Last year, 2015, there were widespread protests under the banner of “black lives matter,” largely because of some high profile cases in which police killed unarmed black men, a question whether it was warranted or not. And that, of course, is the tip of the iceberg, because there were about 100 of those, and most of them were not high profile in 2015. I saw a statistic that there were 102 unarmed black men killed by police. And that compares in its rate to a rate five times larger than the killing of unarmed whites. So you can get a feel for why there might be some concern and the emergence of something like Black Lives Matter.
And as I was watching all of this happen, I wondered what to think about it, what to say about it, and I googled and found: There is a website called blacklivesmatter.com. And I read it and, oh my goodness, it was awful. I mean, I didn’t like it, because it featured three women who claimed to be the founders of Black Lives Matter — Alicia Garza, Opal Tometti, Patrice Colors — and they self-identified as “queer black women.” And in big, bold banners on their HerStory, not history, HerStory page, they say that they are queer-affirming and transgender-affirming. Well, this did not excite me, as, of course, it wouldn’t most of my Christian black brothers and sisters. And I was so surprised, I tweeted this link so that people could be aware of these roots.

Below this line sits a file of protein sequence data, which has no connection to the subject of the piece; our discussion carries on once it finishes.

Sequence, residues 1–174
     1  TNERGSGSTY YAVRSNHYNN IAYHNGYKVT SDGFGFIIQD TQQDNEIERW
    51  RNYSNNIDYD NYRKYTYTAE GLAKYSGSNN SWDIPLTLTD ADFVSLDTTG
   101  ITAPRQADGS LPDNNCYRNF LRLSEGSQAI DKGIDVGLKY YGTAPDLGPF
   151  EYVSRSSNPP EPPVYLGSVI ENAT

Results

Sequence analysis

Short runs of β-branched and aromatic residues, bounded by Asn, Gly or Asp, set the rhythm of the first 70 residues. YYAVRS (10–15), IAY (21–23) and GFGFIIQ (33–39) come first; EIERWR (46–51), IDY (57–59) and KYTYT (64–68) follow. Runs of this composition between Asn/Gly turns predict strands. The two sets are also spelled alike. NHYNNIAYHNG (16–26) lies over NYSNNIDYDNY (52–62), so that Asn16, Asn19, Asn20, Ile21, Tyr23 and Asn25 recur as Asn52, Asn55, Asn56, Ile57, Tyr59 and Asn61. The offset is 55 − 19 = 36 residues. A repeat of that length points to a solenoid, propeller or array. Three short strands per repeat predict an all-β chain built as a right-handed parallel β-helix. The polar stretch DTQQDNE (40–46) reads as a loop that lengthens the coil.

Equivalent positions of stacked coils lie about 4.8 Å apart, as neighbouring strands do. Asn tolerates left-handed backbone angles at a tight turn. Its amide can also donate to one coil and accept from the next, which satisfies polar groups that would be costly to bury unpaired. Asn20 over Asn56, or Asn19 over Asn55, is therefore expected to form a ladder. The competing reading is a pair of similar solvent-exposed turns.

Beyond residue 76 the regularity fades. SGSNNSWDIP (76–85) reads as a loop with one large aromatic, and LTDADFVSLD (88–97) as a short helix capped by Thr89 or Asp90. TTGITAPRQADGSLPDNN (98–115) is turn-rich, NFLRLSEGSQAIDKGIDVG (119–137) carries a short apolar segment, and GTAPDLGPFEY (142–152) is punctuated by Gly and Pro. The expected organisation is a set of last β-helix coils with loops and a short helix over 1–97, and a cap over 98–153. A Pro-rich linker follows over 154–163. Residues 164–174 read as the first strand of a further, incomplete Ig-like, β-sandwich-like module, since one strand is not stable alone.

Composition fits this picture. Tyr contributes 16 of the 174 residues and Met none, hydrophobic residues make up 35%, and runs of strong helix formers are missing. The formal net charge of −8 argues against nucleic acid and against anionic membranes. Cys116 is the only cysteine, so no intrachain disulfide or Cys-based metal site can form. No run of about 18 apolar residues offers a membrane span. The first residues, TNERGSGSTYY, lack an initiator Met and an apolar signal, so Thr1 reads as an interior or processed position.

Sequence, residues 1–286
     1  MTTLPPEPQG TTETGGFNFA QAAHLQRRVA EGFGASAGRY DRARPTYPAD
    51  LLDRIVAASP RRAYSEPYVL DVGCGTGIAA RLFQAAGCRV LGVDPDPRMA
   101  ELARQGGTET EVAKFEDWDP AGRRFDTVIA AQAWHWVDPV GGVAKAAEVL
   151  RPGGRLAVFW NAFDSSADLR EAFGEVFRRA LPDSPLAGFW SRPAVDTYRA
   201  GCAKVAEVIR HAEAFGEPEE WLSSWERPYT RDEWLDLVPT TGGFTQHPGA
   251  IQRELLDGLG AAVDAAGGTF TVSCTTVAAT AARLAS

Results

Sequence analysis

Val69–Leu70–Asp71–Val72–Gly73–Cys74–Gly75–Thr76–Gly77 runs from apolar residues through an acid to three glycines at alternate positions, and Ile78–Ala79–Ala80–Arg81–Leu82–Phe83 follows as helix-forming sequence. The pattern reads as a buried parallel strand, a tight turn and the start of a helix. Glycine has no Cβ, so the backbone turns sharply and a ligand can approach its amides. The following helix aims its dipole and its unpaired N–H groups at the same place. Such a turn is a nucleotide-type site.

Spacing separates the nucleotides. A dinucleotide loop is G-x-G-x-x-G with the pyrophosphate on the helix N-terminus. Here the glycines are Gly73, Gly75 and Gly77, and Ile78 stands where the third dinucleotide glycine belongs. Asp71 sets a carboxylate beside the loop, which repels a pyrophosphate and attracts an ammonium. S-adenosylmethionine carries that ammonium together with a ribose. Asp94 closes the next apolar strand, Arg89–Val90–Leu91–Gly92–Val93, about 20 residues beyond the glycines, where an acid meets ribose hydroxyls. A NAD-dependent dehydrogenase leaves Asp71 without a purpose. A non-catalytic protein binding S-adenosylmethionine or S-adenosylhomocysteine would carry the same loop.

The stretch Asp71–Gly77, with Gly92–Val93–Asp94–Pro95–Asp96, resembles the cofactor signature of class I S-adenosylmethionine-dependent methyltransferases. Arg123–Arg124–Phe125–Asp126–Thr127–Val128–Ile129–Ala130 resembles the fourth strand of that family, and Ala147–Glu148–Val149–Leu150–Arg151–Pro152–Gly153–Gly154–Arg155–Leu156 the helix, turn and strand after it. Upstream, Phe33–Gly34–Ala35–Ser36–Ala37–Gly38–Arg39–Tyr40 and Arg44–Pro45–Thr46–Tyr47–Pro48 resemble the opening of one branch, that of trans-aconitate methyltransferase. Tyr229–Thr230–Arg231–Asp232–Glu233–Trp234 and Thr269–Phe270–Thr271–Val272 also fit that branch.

“The best way to be discerning in regards to the complexities of racial matters is to be in regular conversations across ethnic lines so that we see through other eyes.”